“With genuine forgiveness, most social crises can be curtailed”: Archbishop in Nigeria

Archbishop Ignatius Ayau Kaigama of Nigeria's Abuja Archdiocese.

The Archbishop of Nigeria’s Abuja Archdiocese has, reflecting on Sunday, September 13 readings, called for “genuine forgiveness” as a way out of “most social crises.”

“With genuine forgiveness, most social crises can be curtailed and brought under control; peace can be restored in broken homes, society and the world at large,” Archbishop Ignatius Ayau Kaigama said Sunday, September 13 during Mass at the Holy Cross Parish, Apo in Abuja.

Through forgiveness, Archbishop Kaigama said, “We free our hearts of all the negative feelings and effects of resentment: hostility, hatred, insecurity and hurtful feelings which cause us emotional, psychological and physical harm; we remove the toxic wastes from our souls.”

Against the backdrop of violence reports in Africa’s most populous country, the Nigerian Archbishop said, “Whole-hearted forgiveness by all is what will heal Nigerians and speed up our social integration and progress.”



While forgiveness cannot change the past, the Archbishop said, “it can shape the future.”

Reported cases of violence resulting in loss of lives and property in Nigeria have caught the attention of Church leaders locally, regionally, and internationally.  

In August, members of the Catholic Bishops Conference of Nigeria (CBCN) condemned the “increasing insecurity and unabated acts of terrorism” and called on the government to intervene and bring the crisis to an end. 

On the Solemnity of the Assumption August 15, Pope Francis prayed for the intercession of the Blessed Virgin Mary for persecuted Christians in Nigeria and for peace in Africa. 

“Today I would like to pray in particular for the population of the northern region of Nigeria, victims of violence and terrorist attacks,” the Holy Father said in his Angelus address August 15.

He described the Virgin Mary as “Mother of hope” and said, “Let us invoke her intercession for all the situations in the world that are most in need of hope: hope for peace, for justice, hope for a dignified life.”

In his homily September 13, Archbishop Kaigama highlighted various forms of forgiveness.

“The forgiveness an individual receives from God; the forgiveness one offers to another, the forgiveness I receive from another person; the forgiveness a group offers to another group which is what we badly need in various parts of Nigeria today experiencing violence and conflicts, leading to the wasting of human lives and resources,” the 62-year-old Nigerian Prelate said.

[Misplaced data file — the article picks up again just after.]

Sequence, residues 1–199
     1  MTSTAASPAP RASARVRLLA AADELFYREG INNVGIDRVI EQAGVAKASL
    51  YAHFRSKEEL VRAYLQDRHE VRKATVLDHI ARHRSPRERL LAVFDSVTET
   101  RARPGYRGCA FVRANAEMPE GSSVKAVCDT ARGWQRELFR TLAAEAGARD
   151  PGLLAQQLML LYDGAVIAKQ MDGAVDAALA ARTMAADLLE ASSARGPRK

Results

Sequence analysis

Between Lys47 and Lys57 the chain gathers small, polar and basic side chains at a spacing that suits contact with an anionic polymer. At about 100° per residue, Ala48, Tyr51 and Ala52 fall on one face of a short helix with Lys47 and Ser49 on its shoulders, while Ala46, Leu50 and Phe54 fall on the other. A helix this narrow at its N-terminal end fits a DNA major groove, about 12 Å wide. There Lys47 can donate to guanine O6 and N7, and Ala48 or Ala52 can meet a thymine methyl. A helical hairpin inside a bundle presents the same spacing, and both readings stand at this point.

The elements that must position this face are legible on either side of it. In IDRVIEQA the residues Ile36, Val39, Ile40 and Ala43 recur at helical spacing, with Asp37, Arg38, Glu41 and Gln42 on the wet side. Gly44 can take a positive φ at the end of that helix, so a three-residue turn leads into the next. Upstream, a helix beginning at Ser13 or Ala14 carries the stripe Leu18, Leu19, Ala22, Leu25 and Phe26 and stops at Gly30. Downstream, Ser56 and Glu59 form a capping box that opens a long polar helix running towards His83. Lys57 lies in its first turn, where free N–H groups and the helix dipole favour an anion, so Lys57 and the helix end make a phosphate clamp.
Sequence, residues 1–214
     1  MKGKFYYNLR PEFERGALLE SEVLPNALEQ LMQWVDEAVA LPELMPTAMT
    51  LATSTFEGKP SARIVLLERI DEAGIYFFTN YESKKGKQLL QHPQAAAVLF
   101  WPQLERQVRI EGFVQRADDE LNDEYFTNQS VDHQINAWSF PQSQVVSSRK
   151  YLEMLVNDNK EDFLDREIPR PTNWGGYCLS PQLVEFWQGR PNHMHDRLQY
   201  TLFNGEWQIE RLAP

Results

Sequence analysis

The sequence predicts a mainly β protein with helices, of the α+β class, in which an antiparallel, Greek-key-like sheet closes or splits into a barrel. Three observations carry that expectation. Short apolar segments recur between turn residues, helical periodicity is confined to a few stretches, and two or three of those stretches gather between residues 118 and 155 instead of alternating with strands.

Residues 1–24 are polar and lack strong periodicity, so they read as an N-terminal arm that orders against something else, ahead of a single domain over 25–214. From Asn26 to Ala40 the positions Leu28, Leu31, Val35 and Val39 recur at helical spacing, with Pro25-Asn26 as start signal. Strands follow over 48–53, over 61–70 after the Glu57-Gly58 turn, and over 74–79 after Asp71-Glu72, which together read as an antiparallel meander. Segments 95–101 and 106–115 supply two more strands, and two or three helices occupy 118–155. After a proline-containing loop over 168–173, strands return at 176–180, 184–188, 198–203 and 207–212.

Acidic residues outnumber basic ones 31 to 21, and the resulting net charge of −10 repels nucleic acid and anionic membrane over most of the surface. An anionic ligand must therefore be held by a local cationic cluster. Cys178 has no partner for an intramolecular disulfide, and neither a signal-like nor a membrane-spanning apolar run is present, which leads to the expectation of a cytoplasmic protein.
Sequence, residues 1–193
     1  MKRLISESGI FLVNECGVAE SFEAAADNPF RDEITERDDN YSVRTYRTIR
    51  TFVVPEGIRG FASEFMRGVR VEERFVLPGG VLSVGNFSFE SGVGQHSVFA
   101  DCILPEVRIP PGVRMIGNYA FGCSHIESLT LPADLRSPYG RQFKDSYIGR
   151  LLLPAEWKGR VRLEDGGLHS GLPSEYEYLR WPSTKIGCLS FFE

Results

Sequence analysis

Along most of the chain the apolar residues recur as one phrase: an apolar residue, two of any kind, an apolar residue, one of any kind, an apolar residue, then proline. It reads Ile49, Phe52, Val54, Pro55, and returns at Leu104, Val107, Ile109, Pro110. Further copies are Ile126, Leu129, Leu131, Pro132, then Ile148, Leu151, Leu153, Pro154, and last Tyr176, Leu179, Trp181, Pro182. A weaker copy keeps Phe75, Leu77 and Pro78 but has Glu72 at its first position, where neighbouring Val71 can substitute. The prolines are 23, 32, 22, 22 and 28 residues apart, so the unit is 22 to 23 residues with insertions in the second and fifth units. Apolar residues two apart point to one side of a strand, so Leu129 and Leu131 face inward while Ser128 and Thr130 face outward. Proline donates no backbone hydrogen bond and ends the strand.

Referencing the Lord’s prayer, he further said, “Forgive us our trespasses as we forgive those who wrong us is so easily said when we pray the ‘Our Father’.” 

“The reality is that when human beings feel really hurt, it is not easy to forgive, that is, to transit from the theory of forgiveness to the praxis of forgiveness,” he said, adding, “Someone will tell you, ‘I have forgiven, but I will never forget,’ or ‘I have buried the hatchet, but I marked the spot’.”

He continued, “Similarly, in the ‘Our Father,’ we pray that God’s will be done, but when challenges weigh down so much on us, we wonder what has become of God and run from pillar to post looking for remedies that are not of God.”

Archbishop Kaigama underscored the need to forgive at all times saying, “One must forgive as many times as one is hurt. Stop counting.  The practice of retributive justice in the Old Testament of “an eye for an eye, and a tooth for a tooth” (Ex. 21:24) is not valid for the good follower of Christ.”

Reflecting on Sunday’s Second Reading, St. Paul to the Romans, the Archbishop said, “Pray for and forgive our offenders whether living or dead as St. Paul tells us that, a Christian living or dead belongs to Christ.”

“We should pray for the grace to forgive no matter how hurt or bitter we may feel,” the Local Ordinary of Abuja reiterated and encouraged the people of God to frequent the Sacrament of Reconciliation for it is “a powerful channel of forgiveness.”

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